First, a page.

Updated: Jul 24, 2020
In this issue: What Love Is Not, Love Bi-Angle, an Interview with Rose Andrade, the Women who Redefine Love, and more...
Message from the Editors
Red hearts everywhere. Bouquets of flowers sold across the streets. Rom-coms played in the cinemas. What can we say—the Valentine hype is real! Growing up, we passed around slam books and filled it with our own definitions of love. Some of us looked the word up in a dictionary, while some probably asked older relatives. From there, we were taught how beautiful and painful love can be. We were given advice on how to play it right as soon as we hit puberty. In the Philippines, the ligaw (courting) culture is still prevalent. Most women are frowned upon for making the first move but we're also judged for playing hard to get. Damned if you do, damned if you don't.
But there's more to love than you think. In the second issue of tffs. Magazine, we aim to show different perspectives on love. E takes an alternative route by attempting to define what love is not—the things we may know about it that we should unlearn right now. Meanwhile, J talks about love misconceptions that she has already shed from her system and her experience being in a nurturing heterosexual relationship as a bisexual ciswoman.
As a tribute to all the strong and independent women, we scored an interview with Rose Andrade who is an excellent Mathematics professor in Laguna. She is 32 years old and proudly single. In our interview, she expresses love in various ways: as a caring daughter and sister, as a maternal teacher, and as a true friend in discipleship.
In this issue, we included submissions from our beloved followers and we can't wait for these works to touch your hearts, too. Some of our friends were also game to share with us what first comes to mind when they think of the L-word. Moreover, we did a recap of our February #WomanWednesday Instagram features, so you can get to know the four awesome Filipinas who embody self-love, platonic love, maternal love, and unconditional love. Lastly, as part of our #TFFsPicks, we provided you a list of our favorite TV and movie characters who defy romantic tropes.
The LOVE Issue delves into how our perception of love may have been twisted. Society expects us to stay true to tradition—be married and have families at a certain age. Or how romantic and true love is our ultimate end. That's not the case for everyone, though. We hope to give voice to those who are complete and content in their singlehood. We want to reinforce healthy relationships to those who are in pursuit of love, no matter what form it takes up. So the next time you're asked "What is love?", you won't have to Google it or give a cheesy-as-hell answer. You can celebrate more kinds of love—those that already exist in your life, whether they may be romantic or not.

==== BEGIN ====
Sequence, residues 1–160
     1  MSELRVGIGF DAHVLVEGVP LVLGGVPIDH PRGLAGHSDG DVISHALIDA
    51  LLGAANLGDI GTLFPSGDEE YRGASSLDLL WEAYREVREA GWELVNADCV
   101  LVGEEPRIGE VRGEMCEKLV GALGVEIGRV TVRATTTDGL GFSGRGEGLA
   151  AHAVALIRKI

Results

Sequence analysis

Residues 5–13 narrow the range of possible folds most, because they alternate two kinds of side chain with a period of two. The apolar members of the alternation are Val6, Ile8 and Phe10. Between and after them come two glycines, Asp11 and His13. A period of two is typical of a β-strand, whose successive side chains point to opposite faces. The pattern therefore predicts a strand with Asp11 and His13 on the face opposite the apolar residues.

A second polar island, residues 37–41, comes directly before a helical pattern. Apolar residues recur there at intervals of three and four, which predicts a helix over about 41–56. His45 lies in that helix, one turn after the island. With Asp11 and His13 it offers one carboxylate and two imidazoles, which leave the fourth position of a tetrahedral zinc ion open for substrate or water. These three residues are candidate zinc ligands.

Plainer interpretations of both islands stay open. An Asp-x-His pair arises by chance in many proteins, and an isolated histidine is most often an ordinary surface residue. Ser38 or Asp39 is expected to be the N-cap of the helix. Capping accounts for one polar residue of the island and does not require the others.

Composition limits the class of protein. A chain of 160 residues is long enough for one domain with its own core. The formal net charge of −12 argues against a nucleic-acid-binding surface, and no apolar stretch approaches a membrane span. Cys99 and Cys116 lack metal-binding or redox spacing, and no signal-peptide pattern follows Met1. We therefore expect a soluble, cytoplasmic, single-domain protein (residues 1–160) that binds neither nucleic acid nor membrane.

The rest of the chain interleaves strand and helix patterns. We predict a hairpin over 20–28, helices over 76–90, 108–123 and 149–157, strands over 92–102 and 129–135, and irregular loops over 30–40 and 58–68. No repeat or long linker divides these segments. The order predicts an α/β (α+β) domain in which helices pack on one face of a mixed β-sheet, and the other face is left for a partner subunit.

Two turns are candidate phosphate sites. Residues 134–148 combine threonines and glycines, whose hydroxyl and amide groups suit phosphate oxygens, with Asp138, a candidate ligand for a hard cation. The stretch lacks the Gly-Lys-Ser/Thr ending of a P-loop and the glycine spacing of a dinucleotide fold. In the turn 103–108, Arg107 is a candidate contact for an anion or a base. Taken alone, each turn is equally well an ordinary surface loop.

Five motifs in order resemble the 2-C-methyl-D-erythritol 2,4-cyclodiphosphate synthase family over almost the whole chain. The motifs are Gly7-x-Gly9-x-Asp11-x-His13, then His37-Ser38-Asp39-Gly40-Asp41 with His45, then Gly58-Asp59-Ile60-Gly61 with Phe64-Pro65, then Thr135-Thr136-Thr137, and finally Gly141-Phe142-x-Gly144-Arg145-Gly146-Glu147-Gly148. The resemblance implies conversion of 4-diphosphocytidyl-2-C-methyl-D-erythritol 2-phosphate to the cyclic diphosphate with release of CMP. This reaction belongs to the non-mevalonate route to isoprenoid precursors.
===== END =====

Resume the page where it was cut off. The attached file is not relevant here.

Warm thanks to all those who supported our first issue and those who continue to be pillars of encouragement for the both of us.
The Filipina Feminists
This post is sponsored by Simula PH.
Table of Contents
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Breaking Love's ROSE-Colored Glasses Intelligent, accomplished, successful, kind, and generous—Rose Andrade is the perfect catch. But she's 32 and still single, which makes a lot of people in her life wonder why. The Filipina Feminists interviewed this charming and independent woman and asked her about the never-ending search for Mr. Right.
Love Bi-Angle J narrates how problematic gender stereotypes initially influenced her view on relationships and how she overcame them. In this essay, she also shares the privileges and disadvantages of being in a heterosexual relationship as a bisexual ciswoman.
What Love Is Not In this personal essay, E talks about all the things that love is not based on her romantic experiences as a woman in her mid-20's and how they were affected by the ridiculous standards that Disney, TV shows, and romcom films have perpetrated.
The Women who Redefine Love This February, The Filipina Feminists featured Filipinas who prove that love is not always "hetero-mantic". These strong women showcase self-love, parental love, platonic love, and a love that transcends gender stereotypes.
TFFs Picks: 5 Duos that Defy Romantic Tropes Love is not all about romance. Here are some of our favorite TV characters who prove that platonic friendships exist and that this type of love is more than acceptable—it’s beautiful.
From Our Contributors
In the Eyes of the Beholder We asked our followers what they think love means, and this is what they have to say...
Ghosts: A Poem by Eisle B. Opeña
Ten Feet Under: A Poem by Eisle B. Opeña
A Covenant: A Poem by Andrea Nicole B. Sapnu